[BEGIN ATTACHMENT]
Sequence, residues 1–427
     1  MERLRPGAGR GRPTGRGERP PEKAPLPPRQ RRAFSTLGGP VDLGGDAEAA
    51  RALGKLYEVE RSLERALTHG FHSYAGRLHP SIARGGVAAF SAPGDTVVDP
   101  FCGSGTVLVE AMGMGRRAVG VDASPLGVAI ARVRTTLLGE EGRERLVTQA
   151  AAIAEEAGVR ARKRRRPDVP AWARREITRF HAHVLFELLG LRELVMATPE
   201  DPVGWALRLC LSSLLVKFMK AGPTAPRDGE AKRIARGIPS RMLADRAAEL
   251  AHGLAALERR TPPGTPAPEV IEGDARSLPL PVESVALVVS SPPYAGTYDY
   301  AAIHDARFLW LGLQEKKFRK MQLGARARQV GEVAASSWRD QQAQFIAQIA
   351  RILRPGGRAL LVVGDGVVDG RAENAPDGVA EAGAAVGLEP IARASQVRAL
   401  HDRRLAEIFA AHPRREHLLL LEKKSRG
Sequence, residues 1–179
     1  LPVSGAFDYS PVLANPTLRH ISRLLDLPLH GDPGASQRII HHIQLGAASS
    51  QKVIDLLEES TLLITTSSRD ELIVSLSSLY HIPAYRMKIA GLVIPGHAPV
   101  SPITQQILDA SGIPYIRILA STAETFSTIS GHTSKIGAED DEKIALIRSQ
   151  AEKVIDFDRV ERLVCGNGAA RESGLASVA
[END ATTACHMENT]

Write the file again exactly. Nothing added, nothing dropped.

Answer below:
Sequence, residues 1–427
     1  MERLRPGAGR GRPTGRGERP PEKAPLPPRQ RRAFSTLGGP VDLGGDAEAA
    51  RALGKLYEVE RSLERALTHG FHSYAGRLHP SIARGGVAAF SAPGDTVVDP
   101  FCGSGTVLVE AMGMGRRAVG VDASPLGVAI ARVRTTLLGE EGRERLVTQA
   151  AAIAEEAGVR ARKRRRPDVP AWARREITRF HAHVLFELLG LRELVMATPE
   201  DPVGWALRLC LSSLLVKFMK AGPTAPRDGE AKRIARGIPS RMLADRAAEL
   251  AHGLAALERR TPPGTPAPEV IEGDARSLPL PVESVALVVS SPPYAGTYDY
   301  AAIHDARFLW LGLQEKKFRK MQLGARARQV GEVAASSWRD QQAQFIAQIA
   351  RILRPGGRAL LVVGDGVVDG RAENAPDGVA EAGAAVGLEP IARASQVRAL
   401  HDRRLAEIFA AHPRREHLLL LEKKSRG
Sequence, residues 1–179
     1  LPVSGAFDYS PVLANPTLRH ISRLLDLPLH GDPGASQRII HHIQLGAASS
    51  QKVIDLLEES TLLITTSSRD ELIVSLSSLY HIPAYRMKIA GLVIPGHAPV
   101  SPITQQILDA SGIPYIRILA STAETFSTIS GHTSKIGAED DEKIALIRSQ
   151  AEKVIDFDRV ERLVCGNGAA RESGLASVA